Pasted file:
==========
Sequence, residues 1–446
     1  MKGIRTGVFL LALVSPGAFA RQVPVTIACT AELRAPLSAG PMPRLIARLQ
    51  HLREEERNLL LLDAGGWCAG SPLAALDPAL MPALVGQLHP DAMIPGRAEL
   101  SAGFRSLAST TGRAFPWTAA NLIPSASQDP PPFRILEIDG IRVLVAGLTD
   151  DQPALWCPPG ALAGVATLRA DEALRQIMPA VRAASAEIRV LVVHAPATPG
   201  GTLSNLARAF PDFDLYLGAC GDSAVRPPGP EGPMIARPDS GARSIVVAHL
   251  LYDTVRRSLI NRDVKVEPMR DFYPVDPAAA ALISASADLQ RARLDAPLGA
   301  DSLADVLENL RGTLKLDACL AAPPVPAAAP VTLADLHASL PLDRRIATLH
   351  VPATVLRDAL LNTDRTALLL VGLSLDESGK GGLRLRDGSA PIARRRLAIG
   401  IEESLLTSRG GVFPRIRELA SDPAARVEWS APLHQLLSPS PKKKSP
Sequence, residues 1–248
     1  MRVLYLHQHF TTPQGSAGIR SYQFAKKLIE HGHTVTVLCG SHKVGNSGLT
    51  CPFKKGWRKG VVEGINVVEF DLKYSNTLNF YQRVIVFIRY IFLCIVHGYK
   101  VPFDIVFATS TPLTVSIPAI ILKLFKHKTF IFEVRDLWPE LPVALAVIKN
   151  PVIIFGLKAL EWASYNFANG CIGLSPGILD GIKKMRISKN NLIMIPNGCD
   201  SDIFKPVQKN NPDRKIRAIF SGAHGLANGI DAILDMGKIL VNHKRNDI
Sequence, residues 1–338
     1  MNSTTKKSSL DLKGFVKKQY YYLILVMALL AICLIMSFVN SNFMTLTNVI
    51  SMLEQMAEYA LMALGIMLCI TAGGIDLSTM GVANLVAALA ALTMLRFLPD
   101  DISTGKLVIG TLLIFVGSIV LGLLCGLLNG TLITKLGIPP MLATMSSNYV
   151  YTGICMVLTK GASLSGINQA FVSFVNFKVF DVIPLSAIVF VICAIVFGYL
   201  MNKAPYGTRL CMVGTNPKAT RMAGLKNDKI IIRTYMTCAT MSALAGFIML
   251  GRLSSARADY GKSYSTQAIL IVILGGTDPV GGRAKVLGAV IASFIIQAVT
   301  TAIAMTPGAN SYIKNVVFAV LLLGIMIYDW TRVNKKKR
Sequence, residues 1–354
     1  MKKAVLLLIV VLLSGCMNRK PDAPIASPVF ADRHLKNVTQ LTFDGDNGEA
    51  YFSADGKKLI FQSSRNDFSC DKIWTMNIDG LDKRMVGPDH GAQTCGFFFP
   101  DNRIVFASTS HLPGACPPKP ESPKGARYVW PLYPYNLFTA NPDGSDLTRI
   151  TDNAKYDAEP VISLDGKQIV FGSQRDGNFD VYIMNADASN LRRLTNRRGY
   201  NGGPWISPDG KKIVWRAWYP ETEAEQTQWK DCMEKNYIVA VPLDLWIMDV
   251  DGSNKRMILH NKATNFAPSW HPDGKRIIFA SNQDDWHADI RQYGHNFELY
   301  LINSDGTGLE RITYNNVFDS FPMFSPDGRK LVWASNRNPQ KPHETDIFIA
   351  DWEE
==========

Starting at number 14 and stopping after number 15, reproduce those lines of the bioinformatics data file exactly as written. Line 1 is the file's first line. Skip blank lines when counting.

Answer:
   101  VPFDIVFATS TPLTVSIPAI ILKLFKHKTF IFEVRDLWPE LPVALAVIKN
   151  PVIIFGLKAL EWASYNFANG CIGLSPGILD GIKKMRISKN NLIMIPNGCD